Microwave ovens are convenient and safe and can cook vegetables in a small amount of water to preserve their nutritional value, similar to steaming, registered dietitian Ellie Krieger writes. Foam trays, plastic bags or takeout containers can melt and leach into foods during microwaving, so it's important to use microwave-safe plastic containers or glass instead, Krieger writes.
Hot dogs and hamburgers aren't the only thing worth grilling this Memorial Day weekend. Consider throwing marinated vegetables such as corn, yellow squash and zucchini on the grill or high-sugar fruits like pineapple.
"I just put [fruit] right on the grill," said Howie Velie, associate dean of culinary specializations at the CIA. "The flavor is perfect, you don’t really need to do anything to it."
Children whose families regularly ate meals together had higher fruit and vegetable intake compared with those who never had family meals, a British study found. Once- or twice-weekly family meals were also associated with increased fruit and vegetable intake in children, researchers wrote in the Journal of Epidemiology & Community Health.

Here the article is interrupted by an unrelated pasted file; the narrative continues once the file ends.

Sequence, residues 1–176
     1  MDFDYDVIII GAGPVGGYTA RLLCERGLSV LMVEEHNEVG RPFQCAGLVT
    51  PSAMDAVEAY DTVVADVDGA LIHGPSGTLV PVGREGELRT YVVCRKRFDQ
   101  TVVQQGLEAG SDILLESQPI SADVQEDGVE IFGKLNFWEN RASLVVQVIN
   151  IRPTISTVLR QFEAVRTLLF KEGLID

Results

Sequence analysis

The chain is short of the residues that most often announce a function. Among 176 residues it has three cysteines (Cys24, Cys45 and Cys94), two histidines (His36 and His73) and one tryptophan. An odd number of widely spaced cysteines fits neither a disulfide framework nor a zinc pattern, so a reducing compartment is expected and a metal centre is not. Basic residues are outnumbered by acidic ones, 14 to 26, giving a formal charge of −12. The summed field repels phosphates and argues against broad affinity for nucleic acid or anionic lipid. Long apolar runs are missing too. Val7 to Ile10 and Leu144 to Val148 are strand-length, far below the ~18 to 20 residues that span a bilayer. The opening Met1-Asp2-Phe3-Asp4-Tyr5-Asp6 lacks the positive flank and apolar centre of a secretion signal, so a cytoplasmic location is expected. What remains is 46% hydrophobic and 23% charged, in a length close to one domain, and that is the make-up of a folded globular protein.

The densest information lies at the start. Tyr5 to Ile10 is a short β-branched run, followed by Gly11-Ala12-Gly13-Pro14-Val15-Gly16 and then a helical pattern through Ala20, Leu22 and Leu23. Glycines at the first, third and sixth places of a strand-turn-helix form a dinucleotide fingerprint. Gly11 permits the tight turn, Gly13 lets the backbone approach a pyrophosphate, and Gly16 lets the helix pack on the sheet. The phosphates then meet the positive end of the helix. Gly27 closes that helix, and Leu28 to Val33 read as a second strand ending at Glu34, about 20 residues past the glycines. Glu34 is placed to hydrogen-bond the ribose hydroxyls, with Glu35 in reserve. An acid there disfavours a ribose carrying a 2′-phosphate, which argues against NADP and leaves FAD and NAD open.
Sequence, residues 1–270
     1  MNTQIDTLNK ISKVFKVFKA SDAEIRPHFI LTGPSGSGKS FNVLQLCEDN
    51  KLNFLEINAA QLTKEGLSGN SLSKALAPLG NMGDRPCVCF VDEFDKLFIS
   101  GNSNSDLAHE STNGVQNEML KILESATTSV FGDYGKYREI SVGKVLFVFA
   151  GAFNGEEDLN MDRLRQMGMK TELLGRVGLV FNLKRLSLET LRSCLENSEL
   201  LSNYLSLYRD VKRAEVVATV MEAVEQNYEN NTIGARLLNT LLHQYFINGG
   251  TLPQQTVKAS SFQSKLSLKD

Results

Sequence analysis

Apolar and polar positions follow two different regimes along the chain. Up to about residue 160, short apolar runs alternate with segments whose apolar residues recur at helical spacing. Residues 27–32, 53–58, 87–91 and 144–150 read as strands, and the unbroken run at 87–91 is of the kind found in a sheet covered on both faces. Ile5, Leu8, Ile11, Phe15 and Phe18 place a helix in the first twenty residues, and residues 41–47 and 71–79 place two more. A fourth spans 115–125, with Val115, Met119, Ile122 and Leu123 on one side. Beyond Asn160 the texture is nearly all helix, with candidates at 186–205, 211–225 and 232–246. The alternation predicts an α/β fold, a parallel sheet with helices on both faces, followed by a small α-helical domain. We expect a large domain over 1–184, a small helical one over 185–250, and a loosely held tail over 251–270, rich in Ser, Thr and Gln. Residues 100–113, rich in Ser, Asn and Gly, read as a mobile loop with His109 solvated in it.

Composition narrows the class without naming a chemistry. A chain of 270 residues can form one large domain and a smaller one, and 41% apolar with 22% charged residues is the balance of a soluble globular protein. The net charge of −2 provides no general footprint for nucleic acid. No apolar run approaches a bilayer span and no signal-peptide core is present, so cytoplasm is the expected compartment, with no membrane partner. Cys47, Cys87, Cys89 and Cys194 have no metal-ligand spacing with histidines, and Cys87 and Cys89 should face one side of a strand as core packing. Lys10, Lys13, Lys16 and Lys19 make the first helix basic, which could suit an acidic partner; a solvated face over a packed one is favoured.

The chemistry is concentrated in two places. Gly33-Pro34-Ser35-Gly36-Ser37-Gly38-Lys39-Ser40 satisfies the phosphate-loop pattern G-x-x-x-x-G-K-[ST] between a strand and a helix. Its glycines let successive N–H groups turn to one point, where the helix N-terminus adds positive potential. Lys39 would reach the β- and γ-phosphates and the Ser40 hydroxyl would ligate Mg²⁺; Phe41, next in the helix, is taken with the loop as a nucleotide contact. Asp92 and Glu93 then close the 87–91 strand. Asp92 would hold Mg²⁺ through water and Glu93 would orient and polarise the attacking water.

Indianapolis Public Schools has launched the "Pick Your Favorite" program, which enlists celebrities to endorse healthy eating on posters placed in schools. Local athletes and other celebrities are seen on the posters holding a fruit or a vegetable. Meanwhile, the district is updating its menus to include healthier options for students.
Officials in a Kentucky school district are working to educate students about nutrition to encourage them to eat more fruits and vegetables. Under new federal nutrition standards, all students buying lunch at school next year must take a fruit or vegetable serving, which now is optional. Nutrition Director Michelle Coker said the district will have to increase to 800 from 500 the number of fruit and vegetable servings it prepares for students.